WASHINGTON.—President Barack Obama issued a proclamation on May 1 declaring the month of May Asian Pacific American Heritage Month, stating, “during Asian American and Pacific Islander Heritage Month, we remember the challenges and celebrate the achievements that define our history.”
“Asian Americans and Pacific Islanders have endured and overcome hardship and heartache. In the earliest years, tens of thousands of Gold Rush pioneers, coal miners, transcontinental railroad builders, as well as farm and orchard laborers, were subject to unjust working conditions, prejudice, and discrimination—yet they excelled. Even in the darkness of the Exclusion Act and Japanese internment, Asian Americans and Pacific Islanders have persevered, providing for their families and creating opportunities for their children,” Obama stated.
“Amidst these struggles, Asian Americans and Pacific Islanders have contributed in great and significant ways to all aspects of society. They have created works of literature and art, thrived as American athletes, and prospered in the world of academia. Asian Americans and Pacific Islanders have played a vital role in our Nation’s economic and technological growth by establishing successful enterprises and pushing the limits of science. They are serving in positions of leadership within the government more now than ever before. And along with all of our great service men and women, they have defended the United States from threats at home and abroad, serving our Nation with valor.”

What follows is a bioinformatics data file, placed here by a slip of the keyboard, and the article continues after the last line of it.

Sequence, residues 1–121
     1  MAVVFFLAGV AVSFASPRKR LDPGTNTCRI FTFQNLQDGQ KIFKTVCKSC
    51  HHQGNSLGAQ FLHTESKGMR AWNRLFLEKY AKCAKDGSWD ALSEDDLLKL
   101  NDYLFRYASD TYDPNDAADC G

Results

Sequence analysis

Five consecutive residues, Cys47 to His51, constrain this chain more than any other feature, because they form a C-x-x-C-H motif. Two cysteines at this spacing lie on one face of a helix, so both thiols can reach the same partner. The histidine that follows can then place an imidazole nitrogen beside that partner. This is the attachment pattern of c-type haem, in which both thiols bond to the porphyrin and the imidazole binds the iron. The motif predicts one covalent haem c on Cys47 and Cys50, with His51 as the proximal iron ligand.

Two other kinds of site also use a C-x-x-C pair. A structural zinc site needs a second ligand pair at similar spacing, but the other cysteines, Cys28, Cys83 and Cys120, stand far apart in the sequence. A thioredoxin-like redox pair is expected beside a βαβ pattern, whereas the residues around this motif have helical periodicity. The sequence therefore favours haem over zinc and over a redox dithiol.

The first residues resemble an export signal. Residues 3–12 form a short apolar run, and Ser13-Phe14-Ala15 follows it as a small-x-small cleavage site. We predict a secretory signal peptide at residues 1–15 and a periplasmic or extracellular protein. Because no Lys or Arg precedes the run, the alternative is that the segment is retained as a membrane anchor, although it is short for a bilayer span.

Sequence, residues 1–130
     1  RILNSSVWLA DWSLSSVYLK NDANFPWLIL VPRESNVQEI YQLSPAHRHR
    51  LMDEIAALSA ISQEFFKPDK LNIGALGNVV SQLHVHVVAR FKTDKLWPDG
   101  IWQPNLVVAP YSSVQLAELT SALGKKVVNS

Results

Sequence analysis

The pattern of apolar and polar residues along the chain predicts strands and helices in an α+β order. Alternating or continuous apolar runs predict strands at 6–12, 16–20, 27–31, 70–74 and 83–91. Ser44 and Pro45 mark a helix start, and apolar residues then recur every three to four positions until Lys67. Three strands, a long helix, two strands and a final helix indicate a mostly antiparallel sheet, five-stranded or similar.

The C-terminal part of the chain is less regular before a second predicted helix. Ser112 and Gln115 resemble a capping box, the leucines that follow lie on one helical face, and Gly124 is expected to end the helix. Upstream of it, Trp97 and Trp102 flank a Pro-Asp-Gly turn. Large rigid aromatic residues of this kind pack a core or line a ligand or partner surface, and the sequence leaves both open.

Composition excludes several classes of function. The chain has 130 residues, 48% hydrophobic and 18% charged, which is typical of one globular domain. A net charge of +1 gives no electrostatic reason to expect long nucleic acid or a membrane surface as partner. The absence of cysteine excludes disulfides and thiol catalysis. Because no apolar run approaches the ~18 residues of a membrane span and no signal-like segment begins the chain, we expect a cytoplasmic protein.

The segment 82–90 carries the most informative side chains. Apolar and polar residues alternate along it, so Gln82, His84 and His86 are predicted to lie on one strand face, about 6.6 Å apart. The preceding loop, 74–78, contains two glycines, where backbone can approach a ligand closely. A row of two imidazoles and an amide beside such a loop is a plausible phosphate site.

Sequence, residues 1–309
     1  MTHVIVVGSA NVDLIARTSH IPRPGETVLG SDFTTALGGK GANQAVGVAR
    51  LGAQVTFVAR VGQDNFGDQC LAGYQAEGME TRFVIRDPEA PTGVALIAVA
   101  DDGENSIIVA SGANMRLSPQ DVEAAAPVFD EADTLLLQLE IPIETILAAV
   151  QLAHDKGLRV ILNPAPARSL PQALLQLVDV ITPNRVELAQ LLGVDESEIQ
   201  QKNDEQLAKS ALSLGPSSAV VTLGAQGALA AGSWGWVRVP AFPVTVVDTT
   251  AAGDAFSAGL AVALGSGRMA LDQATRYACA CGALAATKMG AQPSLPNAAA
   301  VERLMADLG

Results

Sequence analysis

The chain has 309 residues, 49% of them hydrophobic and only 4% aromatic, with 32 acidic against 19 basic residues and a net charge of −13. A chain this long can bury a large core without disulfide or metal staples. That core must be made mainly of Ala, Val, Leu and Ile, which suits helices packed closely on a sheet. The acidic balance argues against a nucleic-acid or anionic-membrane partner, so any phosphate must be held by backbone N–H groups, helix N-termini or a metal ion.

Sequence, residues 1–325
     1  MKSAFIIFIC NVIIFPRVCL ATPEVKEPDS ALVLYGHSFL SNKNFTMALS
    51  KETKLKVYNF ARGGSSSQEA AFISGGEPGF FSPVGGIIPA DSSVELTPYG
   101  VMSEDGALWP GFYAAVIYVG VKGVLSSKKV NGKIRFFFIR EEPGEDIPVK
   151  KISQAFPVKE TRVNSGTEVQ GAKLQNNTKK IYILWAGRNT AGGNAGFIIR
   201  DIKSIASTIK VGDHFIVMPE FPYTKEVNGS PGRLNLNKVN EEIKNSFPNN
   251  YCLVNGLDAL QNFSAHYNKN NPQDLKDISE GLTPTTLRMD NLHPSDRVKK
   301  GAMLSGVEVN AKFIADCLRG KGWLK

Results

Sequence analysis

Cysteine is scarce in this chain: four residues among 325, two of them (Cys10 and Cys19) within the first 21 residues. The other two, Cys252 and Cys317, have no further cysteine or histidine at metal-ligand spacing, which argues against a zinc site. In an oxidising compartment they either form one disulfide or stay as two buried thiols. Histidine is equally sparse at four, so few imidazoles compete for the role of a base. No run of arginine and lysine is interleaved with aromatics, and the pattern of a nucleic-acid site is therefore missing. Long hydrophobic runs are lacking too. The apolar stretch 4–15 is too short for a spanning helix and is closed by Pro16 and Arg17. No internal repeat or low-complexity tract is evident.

In 1978, a joint congressional resolution established Asian/Pacific American Heritage Week. The first 10 days of May were chosen to coincide with the arrival in the United States of the first Japanese immigrants (May 7, 1843) and contributions of Chinese workers to the building of the transcontinental railroad, completed on May 10, 1869. In 1992, Congress expanded the observance to a monthlong celebration. Per a 1997 Office of Management and Budget directive, the Asian or Pacific Islander racial category was separated into two categories: one being Asian and the other Native Hawaiian and Other Pacific Islander.
According to the Census, there are 15.2 million Asian Pacific Americans in the U.S. or about 5 percent of the total population. Japanese comprise 1.22 million. The median household income for Asians is $66,103, the highest among all race groups. The Census estimated that by 2050 there will be 40.6 million Asians in the U.S., an increase of 153 percent.